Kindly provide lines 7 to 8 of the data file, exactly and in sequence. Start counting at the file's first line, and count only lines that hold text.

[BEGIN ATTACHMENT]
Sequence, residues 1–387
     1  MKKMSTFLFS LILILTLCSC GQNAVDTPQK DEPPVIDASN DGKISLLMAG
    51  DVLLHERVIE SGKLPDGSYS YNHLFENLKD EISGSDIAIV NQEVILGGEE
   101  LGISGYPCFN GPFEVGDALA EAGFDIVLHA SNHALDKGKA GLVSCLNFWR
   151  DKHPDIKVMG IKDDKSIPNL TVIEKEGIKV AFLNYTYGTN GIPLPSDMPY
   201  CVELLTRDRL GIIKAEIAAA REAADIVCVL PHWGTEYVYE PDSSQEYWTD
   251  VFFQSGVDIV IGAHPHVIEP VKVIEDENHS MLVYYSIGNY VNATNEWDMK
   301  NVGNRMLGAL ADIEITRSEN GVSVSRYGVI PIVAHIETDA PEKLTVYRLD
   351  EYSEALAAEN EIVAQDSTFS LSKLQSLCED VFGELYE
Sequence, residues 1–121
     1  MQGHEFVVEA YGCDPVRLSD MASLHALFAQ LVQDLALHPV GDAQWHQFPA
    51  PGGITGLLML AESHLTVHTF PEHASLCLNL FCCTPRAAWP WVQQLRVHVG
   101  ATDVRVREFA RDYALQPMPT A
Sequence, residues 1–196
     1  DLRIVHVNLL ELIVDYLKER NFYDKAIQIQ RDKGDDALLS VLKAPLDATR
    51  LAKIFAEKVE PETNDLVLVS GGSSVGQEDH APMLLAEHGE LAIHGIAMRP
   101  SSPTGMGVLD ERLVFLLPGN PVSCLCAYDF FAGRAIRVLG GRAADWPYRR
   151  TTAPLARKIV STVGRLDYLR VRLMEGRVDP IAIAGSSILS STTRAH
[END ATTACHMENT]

   251  VFFQSGVDIV IGAHPHVIEP VKVIEDENHS MLVYYSIGNY VNATNEWDMK
   301  NVGNRMLGAL ADIEITRSEN GVSVSRYGVI PIVAHIETDA PEKLTVYRLD